Part of the National Park Service’s Richmond National Battlefield Park system, Drewry’s Bluff sits 90 feet above the James River just south of Richmond. Named after landowner, Augustus Drewry, the bluff, Ft. Darling and the Confederate soldiers who occupied it played a significant role in protecting Richmond from Union attempts to capture the Confederate capital in 1862 and again in 1864. Occupying 42 wooded acres, the park now boasts walking trails, an artillery piece, interpretive signs and visitors can stand on defensive earthen works that provide a stunning view of the James.
In 1862, as
part of the Union’s Peninsula Campaign, a small flotilla of Union ships, to
include the ironclads Naugatuck, Galena and the famous Monitor, steamed up the James in an attempt to reach Richmond. However, their efforts were thwarted when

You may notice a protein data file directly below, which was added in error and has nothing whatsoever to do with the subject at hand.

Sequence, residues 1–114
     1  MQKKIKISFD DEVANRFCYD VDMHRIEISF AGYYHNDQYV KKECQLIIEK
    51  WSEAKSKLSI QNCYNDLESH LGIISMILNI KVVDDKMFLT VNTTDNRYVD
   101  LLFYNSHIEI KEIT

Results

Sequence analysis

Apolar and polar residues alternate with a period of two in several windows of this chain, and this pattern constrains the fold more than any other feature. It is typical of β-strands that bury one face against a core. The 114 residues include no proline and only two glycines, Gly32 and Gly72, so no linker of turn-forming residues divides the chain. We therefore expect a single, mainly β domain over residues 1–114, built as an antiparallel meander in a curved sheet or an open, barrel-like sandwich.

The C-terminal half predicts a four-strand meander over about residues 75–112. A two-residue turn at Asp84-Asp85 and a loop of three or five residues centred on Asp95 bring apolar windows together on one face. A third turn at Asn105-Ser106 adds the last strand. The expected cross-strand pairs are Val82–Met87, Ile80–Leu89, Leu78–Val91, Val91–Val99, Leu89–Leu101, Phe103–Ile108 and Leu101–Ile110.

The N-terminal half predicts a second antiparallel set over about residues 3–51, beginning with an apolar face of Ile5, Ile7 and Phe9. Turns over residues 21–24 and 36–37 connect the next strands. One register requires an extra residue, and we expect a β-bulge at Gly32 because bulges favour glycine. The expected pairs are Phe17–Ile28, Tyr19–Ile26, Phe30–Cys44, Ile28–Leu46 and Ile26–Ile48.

they encountered sunken debris and took heavy fire from Ft. Darling, which severely
damaged the Galena. After three hours of exchanging fire, the
Union ships, low on ammunition, were forced to retreat.
During the shelling, the Galena suffered many casualties among her gun-crew. In order to get her guns back in operation, Marine Corporal, John F. Mackie, led a group of marines onboard to serve as gun-crews. While the marines served the guns, Mackie (in-between giving orders) took a rifle and would fire on the men stationed in Fort Darling. Although the Union forces had to retreat, Mackie's actions won him the Congressional Medal of Honor, the first American marine to win such a medal.
The fort was
then expanded in the years 1862-1864 under the command of CPT Sydney Smith Lee,
brother of the more famous Robert E., and it became a training center for the
Confederate Naval Academy. It again came
under attack in May of 1864 when Union forces once again tried to reach
Richmond, by land this time. They managed
to capture some of the fort’s outer defenses but were pushed back by a Confederate
counterattack on May 16, 1864.
the garrison then took part in the evacuation of Richmond on 2-3 April, 1864
and many of them were with General Lee when he surrendered at Appomattox
Courthouse later that month. President
Lincoln then sailed past Drewry’s Bluff on his way to Richmond on April 4th,
1864. The park is open daily from
sunrise to sunset and admission is free.